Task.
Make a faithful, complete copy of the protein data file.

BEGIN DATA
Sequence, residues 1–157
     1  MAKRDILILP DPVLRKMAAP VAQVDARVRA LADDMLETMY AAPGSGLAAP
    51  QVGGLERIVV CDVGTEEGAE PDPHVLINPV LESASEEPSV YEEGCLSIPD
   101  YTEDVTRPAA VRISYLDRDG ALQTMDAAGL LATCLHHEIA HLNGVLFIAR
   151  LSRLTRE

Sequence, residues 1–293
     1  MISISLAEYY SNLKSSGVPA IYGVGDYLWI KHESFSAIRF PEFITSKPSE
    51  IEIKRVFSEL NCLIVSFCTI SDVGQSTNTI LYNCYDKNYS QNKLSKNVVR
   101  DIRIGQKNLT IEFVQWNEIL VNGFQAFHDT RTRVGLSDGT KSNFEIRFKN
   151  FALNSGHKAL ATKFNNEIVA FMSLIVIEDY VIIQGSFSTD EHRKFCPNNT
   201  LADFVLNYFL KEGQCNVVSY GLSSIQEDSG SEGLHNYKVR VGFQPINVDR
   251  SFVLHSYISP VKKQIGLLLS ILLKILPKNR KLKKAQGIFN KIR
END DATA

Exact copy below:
Sequence, residues 1–157
     1  MAKRDILILP DPVLRKMAAP VAQVDARVRA LADDMLETMY AAPGSGLAAP
    51  QVGGLERIVV CDVGTEEGAE PDPHVLINPV LESASEEPSV YEEGCLSIPD
   101  YTEDVTRPAA VRISYLDRDG ALQTMDAAGL LATCLHHEIA HLNGVLFIAR
   151  LSRLTRE

Sequence, residues 1–293
     1  MISISLAEYY SNLKSSGVPA IYGVGDYLWI KHESFSAIRF PEFITSKPSE
    51  IEIKRVFSEL NCLIVSFCTI SDVGQSTNTI LYNCYDKNYS QNKLSKNVVR
   101  DIRIGQKNLT IEFVQWNEIL VNGFQAFHDT RTRVGLSDGT KSNFEIRFKN
   151  FALNSGHKAL ATKFNNEIVA FMSLIVIEDY VIIQGSFSTD EHRKFCPNNT
   201  LADFVLNYFL KEGQCNVVSY GLSSIQEDSG SEGLHNYKVR VGFQPINVDR
   251  SFVLHSYISP VKKQIGLLLS ILLKILPKNR KLKKAQGIFN KIR